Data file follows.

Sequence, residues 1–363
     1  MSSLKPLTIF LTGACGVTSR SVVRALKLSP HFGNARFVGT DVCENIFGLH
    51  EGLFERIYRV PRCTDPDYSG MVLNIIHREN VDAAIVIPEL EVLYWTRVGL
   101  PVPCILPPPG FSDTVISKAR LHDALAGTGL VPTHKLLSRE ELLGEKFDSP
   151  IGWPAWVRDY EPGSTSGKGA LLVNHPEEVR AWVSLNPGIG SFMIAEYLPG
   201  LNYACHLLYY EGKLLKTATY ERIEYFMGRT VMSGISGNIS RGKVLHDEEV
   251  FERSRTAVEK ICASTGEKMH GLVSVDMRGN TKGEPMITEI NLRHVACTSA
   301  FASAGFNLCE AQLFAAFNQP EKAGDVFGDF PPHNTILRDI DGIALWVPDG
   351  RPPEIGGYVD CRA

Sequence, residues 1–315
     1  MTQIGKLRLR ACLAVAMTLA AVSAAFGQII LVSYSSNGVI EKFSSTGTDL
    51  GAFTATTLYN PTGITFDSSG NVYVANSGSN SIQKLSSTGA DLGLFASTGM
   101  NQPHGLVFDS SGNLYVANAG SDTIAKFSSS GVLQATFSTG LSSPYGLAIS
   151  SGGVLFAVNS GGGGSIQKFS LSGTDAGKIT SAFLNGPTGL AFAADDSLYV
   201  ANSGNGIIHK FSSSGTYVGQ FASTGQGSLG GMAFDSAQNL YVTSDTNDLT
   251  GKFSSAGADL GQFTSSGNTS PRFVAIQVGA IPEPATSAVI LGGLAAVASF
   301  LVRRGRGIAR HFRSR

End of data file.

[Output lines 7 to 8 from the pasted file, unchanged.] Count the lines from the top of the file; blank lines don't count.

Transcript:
   251  FERSRTAVEK ICASTGEKMH GLVSVDMRGN TKGEPMITEI NLRHVACTSA
   301  FASAGFNLCE AQLFAAFNQP EKAGDVFGDF PPHNTILRDI DGIALWVPDG